Two different modes of being present? Yes, but one essence. The mode of being present in the Eucharist is, as far as I know, entirely unprecedented and unique to the essence of the Body, Blood, Soul, and Divinity of Christ. That's why it is so hard to understand; we have no truly similar experiences with which to compare it. It would be easy to understand, and in fact entirely dull and commonplace, if the "mode of being present" were merely symbolic, but that is heretical; the Body of Christ has a mode of being truly present in the Eucharist. (Of course, that was also true at the Last Supper, so this must have nothing in particular to do with the properties of a resurrected body.)

As for the distinction you draw between walking on water and walking through a wall, I don't see it. Maybe that was just not the best example for the kind of distinction you wished to make. For one thing, some bodies can pass effortlessly through other bodies; neutrinos are known to do this, and there is strong but indirect evidence that there is 4 times as much "dark matter" (capable of passing unnoticed through not just walls, but the whole earth) as "normal" matter in the universe. For that matter, under the right conditions (Bose-Einstein condensation), some kinds of bodies (bosons) are actually attracted to occupy the same space as other, identical particles. (This happens, for example, in superfluid Helium-4.) Those things are all pretty irrelevant to the normal experience or the behavior of a human body, I freely acknowledge; but no more irrelevant than a log floating in the water or an insect walking on the surface tension is to Christ walking on the water.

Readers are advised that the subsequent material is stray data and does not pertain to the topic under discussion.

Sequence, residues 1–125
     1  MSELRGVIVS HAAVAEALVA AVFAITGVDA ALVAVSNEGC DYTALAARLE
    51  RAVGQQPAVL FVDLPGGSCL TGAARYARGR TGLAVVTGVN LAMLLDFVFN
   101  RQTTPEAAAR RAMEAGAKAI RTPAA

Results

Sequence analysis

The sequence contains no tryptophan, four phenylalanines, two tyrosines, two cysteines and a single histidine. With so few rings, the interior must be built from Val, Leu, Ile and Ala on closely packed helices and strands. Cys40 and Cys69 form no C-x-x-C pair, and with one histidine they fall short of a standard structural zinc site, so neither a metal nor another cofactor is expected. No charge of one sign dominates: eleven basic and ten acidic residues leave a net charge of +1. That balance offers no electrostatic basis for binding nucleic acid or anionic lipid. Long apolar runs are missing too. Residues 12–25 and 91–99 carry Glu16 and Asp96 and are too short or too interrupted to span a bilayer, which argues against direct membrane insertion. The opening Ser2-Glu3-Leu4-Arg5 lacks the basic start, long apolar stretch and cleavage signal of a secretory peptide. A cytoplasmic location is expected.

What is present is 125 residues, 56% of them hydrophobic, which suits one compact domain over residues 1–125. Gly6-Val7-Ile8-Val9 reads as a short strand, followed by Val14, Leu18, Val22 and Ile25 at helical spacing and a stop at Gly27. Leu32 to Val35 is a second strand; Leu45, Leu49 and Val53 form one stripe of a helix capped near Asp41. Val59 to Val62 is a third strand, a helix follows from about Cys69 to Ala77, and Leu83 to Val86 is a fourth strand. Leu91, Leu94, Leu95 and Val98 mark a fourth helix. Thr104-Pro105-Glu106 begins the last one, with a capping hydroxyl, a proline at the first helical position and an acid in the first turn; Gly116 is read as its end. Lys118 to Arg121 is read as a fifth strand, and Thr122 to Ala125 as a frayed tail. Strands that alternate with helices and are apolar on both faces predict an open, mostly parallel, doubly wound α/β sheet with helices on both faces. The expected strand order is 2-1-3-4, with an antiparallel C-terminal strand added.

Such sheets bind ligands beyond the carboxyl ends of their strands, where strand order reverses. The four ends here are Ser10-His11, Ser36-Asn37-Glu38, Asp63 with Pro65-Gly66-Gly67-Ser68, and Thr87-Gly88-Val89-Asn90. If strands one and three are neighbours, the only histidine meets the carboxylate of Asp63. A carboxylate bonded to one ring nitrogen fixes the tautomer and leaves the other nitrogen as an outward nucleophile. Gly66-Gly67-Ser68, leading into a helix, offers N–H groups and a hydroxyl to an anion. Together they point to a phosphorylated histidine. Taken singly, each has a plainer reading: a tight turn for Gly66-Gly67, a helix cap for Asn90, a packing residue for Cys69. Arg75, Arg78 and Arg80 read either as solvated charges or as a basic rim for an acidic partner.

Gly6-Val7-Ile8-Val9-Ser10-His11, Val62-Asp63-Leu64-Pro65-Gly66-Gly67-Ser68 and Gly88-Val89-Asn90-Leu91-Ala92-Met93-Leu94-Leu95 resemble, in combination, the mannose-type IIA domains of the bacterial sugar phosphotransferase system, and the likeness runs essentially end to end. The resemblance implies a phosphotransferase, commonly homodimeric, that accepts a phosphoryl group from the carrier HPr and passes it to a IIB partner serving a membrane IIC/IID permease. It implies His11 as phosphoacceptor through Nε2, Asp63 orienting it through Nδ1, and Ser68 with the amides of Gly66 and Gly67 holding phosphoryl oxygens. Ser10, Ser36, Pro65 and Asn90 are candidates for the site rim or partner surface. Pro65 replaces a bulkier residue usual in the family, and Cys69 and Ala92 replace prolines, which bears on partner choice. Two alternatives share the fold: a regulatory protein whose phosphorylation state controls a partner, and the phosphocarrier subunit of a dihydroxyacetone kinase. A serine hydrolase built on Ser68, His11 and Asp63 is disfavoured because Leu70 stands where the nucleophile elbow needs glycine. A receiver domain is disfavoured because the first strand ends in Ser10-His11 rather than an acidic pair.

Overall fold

I think the big difficulty (for me, at least) is in distinguishing the "natural" behavior of the body of a resurrected saint and "miraculous" behavior. The immortality of the resurrected body seems to me to be miraculous. So does bilocation, which has been alleged of some saints (like Padre Pio) at certain times and for certain reasons.

-- Howard

Anonymous said...

Interesting post - will have to go read Thomas on that matter. Believe or not, I was just wondering about this the other day - assuming he really ate, but didn't need to, but, where did the food go? So thanks!

Father Ryan Erlenbush said...

As you say, the mode of being present in the Eucharist is "entirely unprecedented and unique" ... therefore, it is not helpful to compare the Resurrection to the Eucharist.